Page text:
I realized that the other two getting cheese probably has some prophylactic effect. I hope I lucked out. I'll let you know in a few years.

My heart goes out to you about this new challenge. It's so hard to see your dog scared like that.

Crystal (Thompson) Barrera said...

So, I was kind of wrong about that reference, Jen. It's from the book "For the Love of a Dog," and the actual age is 3 to 7. I'm not sure where I got 5 from... I'll go edit the post in a minute.

Eileen- the short version of the next post is that we've been doing counter-conditioning, and the results have been encouraging. :)

Jen said...

Well, for 3-7, 5 seems like a good way to split the difference! I guess I need to read For the Love of a Dog again. I love her books!

Lynn said...

I'm sorry to hear that Maisy is developing a fear of storms. I read the same McConnell information and have been using CC to try to prevent thunder phobia from developing...we get really large, fairly regular, summer thunderstorms here. The downside of "prevention," I suppose, is that I'll never know if it makes a difference, but if Maya's storm-related stress stays low, I'm hardly going to complain about that ;-)

Hope Maisy learns to feel more relaxed about unexpected sky noises. She is such a cutie.

Jennifer Jo said...

Oh Jeez! After all you've been through - to now have to add to it with this issue. Zainey started developing her noise phobia's closer to age 2 - such a sad state it can put them in. Her other issues kind of take center stage for now, and luckily we live in Cali where real storms are rare, but I'm still looking into getting 'mutt muffs' to help with the management of scary noises until ds/cc can make a real effect. Google pix of dog's wearing them - if nothing else, they're a cute accessory!

Crystal (Thompson) Barrera said...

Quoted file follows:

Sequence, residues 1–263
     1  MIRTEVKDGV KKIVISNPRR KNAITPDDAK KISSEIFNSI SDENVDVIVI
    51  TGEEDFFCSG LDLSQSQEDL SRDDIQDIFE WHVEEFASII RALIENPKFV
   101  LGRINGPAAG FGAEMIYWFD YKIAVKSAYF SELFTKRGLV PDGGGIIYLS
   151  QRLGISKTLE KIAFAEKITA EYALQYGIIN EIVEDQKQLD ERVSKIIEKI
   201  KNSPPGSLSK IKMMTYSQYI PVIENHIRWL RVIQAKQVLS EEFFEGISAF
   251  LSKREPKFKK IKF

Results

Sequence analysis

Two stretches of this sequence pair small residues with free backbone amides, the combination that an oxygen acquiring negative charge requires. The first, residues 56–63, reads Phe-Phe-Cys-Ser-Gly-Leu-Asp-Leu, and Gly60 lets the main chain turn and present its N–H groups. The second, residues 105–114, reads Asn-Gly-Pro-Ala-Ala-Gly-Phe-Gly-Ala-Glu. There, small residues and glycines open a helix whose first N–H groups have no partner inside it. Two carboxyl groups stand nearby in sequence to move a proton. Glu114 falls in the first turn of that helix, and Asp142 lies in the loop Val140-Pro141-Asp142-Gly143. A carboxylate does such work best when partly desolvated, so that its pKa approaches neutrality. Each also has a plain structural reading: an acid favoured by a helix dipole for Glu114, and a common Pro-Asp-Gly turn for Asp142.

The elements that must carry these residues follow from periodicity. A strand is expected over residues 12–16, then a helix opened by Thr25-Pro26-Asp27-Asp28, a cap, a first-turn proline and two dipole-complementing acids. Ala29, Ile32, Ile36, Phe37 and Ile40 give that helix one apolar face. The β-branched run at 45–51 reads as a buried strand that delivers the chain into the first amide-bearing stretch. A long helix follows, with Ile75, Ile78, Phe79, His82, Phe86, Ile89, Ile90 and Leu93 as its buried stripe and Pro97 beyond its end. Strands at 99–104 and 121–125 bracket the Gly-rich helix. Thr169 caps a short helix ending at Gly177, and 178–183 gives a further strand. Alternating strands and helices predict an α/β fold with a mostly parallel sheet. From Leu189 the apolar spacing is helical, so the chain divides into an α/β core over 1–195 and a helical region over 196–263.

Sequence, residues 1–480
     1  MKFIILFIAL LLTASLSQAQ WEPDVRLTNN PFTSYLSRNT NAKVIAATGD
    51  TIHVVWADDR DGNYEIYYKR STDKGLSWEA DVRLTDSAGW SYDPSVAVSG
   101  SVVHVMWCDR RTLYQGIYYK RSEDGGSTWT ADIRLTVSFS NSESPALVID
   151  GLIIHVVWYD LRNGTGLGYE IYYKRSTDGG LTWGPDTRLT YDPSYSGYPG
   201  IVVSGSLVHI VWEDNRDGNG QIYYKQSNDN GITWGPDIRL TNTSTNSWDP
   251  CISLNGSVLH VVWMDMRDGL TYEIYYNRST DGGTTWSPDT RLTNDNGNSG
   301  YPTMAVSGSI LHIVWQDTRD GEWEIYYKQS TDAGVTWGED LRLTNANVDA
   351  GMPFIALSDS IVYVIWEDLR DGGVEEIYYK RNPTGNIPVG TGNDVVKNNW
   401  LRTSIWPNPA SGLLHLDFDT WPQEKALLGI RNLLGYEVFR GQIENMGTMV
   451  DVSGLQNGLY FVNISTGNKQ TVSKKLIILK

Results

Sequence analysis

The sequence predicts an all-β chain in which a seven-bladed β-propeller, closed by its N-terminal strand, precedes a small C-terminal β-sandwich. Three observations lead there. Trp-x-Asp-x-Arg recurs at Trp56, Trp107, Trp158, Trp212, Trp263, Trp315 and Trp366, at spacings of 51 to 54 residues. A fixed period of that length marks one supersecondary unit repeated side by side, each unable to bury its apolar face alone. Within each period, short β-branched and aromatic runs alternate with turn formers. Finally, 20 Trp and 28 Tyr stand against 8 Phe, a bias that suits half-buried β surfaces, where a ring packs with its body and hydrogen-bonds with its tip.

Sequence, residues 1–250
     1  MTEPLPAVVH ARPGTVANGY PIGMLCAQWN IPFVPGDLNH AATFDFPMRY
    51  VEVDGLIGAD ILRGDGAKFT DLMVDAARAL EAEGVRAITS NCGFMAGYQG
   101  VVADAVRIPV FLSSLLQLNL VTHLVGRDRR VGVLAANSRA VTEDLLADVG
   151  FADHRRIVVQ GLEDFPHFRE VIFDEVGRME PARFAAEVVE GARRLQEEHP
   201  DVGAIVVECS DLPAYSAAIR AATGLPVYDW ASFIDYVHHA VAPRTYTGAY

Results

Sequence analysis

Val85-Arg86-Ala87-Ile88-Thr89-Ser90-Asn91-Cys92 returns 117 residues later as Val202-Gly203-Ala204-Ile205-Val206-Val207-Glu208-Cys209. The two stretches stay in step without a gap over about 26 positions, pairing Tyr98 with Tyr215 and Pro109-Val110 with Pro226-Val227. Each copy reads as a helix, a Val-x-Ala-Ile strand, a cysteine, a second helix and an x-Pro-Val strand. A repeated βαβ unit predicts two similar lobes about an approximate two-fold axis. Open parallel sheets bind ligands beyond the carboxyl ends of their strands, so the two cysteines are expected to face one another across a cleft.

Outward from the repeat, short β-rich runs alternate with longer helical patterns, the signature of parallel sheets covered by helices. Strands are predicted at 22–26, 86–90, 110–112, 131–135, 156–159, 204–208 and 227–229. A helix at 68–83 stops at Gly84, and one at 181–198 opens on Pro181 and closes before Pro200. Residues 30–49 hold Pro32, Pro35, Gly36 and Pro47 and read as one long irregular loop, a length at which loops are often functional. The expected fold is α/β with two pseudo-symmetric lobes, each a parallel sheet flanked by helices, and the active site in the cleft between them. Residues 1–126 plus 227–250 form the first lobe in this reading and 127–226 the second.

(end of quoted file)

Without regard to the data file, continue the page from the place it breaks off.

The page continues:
Lynn, I always meant to do the pre-emptive work like you are, but Maisy was sleeping through storms and I didn't want to wake her up to do it. Or it was just really inconvenient (like when I was in the shower or something). :(

Sare said...

Hi Crystal:
You might remember Reese she is my border collie who has storm phobia. It has been the hardest thing I have had to deal with. Storms are unpredictable, the weather predictions are bad and most of the storms come at night. I know you will get through this with Maisy like you did her other challenges, but It will take some time. The other thing that is a challenge is the dogs can make some progress over the spring, summer, fall months when it storms. Then we get a big lull during winter and then the storms start in the spring again. Trying to retain the progress over the winter is difficult. But I have no doubt you will work through this.

katie, Maizey and Magnus said...

Since so much of Maizey's fear is to things I have absolutely no control over I completely empathize! Rain and the sound of dogs barking while she is inside are just two of the things that trigger her. Neither are things I can control at all. I really hate seeing her afraid and I really hate not being able to stop it even more.

Then there are the things that I could just manage but instead use as a training opportunity. I spent a whole morning doing CC/D to magpies one time. They insisted on landing on our neighbors roof and instead of just closing the blinds I decided she needed to learn to deal with it. I can't be home 24/7 with her and worry a lot about random things triggering her so we work on desensitizing to as many of those things as I can.

I'm sorry your girl is developing a new fear, but am confident you'll help her through it as you always have! (BTW, it's been a while since I left a novel length comment, so I guess it was due!LOL)

Crystal (Thompson) Barrera said...

Sare, I hadn't even got to thinking that far ahead! I've been so focused on the now. Thanks for the heads up that we'll probably regress over the winter.

Katie- I agree! I can't protect Maisy from everything, and have definitely taken a CC approach so that I don't have to worry about storms that happen when I'm gone. :)

Shannon @theDIYdog said...

I have a fireworks-phobic dog, too. Luckily there aren't many thunderstorms in California, but fireworks terrify her. I've had some luck with counter-conditioning...fireworks = hot dogs rain from the is a process and they do regress if you don't keep it up.

My old neighborhood was terrible for fireworks, for a whole 2 weeks before and after the 4th I had to deal with them. It's not so bad where I live now, thank goodness. But I still can't watch John Wayne movies. Sienna doesn't like that loud, Old West gunfire.

There are some CDs out there to help with desensitization, Victoria Stillwell and Through A Dog's Ear did a thunderstorm CD which got pretty good reviews. And there are always Westerns...with the volume down low. :)